Dark Moon (Chapter Twenty Seven)

"You can't tell whose saliva that is?" Nic flicked a finger toward the microscope.

"Only if I'd seen it before and I had my notes. But really, what are the odds that one of those I've examined has turned up here?"

"Pretty damn slim," he agreed.

Sure, the werewolves in the basement could be free, but they'd also been locked up when the disappearances began.

"Did the doctor have a bite mark?" I asked.

"No. Which leads me to believe the making of a witchie wolf involves the bite of a werewolf in human form," Nic said. "How about you?"

I contemplated the body, which was still quite visible. "I'm thinking that, too."

"We still don't know why."


"Maybe Lydia will find a book, and it will explain everything."

"Including how to get rid of them."

"Wouldn't that be nice?"

"Mmm," I murmured, still staring at the doctor. "Do you think he was killed because he was on to something?"

"If the bad guy meant to keep his identity a secret, why leave the evidence behind?"

"We interrupted him." I reached out and plucked the slide from the stage and the notebook from the table. "Just in case."

"Maybe I should send that stuff to the crime lab. Free service for all U.S. law enforcement agencies."

"I don't think so."

"But – "

"Can you imagine what would happen if a government scientist got a gander at the saliva of a werewolf in human form?"

"I doubt he'd know what it was."

"Exactly. So what good would showing him do?"

"None." Nic sighed. "And then we'd have FBI all over the place, asking questions."

"Getting eaten by werewolves they didn't know about."

"Chaos. I see your point."

"We should just handle this on our own as we've been doing."

"Right." Nic glanced at the doctor. "We'll need to get someone to take care of the body. Leaving it here isn't practical."

"Damn," I muttered.

"What's the matter?"

I waved a hand at Dr. Watchry. "I'm not used to this."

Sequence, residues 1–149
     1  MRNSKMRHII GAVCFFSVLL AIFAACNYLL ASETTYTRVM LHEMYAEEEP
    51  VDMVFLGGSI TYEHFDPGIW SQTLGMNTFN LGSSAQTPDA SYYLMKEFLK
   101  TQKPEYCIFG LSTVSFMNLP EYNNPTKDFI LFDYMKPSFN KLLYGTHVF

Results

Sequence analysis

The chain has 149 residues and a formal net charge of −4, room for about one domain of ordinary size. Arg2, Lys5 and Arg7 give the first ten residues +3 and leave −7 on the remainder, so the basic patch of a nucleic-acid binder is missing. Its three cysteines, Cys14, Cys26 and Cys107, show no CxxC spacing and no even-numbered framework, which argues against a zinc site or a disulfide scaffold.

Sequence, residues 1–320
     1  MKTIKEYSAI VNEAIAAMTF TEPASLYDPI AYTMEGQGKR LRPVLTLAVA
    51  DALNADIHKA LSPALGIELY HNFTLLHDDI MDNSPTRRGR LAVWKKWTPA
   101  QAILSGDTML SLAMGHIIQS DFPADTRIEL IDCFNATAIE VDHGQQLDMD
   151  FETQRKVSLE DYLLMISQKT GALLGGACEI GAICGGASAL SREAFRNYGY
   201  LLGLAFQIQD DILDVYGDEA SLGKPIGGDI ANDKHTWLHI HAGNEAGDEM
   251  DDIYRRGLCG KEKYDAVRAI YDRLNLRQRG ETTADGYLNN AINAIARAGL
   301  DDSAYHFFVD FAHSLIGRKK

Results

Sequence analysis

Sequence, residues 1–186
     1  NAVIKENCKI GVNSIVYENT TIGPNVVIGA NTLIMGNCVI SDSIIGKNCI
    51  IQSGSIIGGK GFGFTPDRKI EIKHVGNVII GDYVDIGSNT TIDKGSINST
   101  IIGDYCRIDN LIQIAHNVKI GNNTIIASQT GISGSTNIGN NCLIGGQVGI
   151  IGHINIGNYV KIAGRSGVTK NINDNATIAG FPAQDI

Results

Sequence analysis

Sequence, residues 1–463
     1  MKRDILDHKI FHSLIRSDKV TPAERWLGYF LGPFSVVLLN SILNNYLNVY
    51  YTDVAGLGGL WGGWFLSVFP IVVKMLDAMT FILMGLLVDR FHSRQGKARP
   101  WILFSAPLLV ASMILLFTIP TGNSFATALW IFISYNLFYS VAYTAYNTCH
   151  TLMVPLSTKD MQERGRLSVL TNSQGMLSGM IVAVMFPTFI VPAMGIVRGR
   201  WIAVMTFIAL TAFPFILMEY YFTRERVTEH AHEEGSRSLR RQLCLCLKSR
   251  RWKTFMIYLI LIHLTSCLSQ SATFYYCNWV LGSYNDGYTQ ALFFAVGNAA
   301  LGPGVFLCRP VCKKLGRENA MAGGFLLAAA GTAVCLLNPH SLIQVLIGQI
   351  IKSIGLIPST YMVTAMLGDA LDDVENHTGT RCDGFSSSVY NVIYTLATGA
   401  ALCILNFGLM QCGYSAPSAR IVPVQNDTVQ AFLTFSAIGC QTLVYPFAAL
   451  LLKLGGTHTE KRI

No, that I was used to.

"People I've just met, and liked, getting killed the minute I turn my back."

"Oh." Understanding spread across his face. "Happens."

"How do you stand it?"

"By pushing aside useless emotion and focusing on what's important."

"Important?" My voice rose several levels in pitch and volume. "What could be more important than someone's murder?"

"Finding the one who killed them and making them pay."

All the righteous indignation went out of me like the air out of a popped balloon.


Nic smiled. "We'll handle this."

Unspoken was the word together, but I heard it nevertheless.

"Let's find Basil," I said. "Tell him about the doctor's death."

"And ask him about stray Ojibwe warrior graves. I could also use a list of the missing. Any connection between them could give us a clue."

Thoughts like those were why I kept him around.

My gaze wandered over the biceps that stretched the seams of his T-shirt. Among other things.

We locked the clinic behind us – didn't need any citizens stumbling over the body – then headed for the sheriff's office.

The place was still empty. Nic strode over to the desk and started rooting through the paperwork.

"Hey, can you do that?"

"I'm a Fed. I can do anything."

"Thinking like that is usually what gets you guys in trouble."

He ignored me. I had to say I found his take-charge attitude attractive. What didn't I find attractive about him lately?

"Ah-ha!" He held up a sheet of paper. "List of missing persons."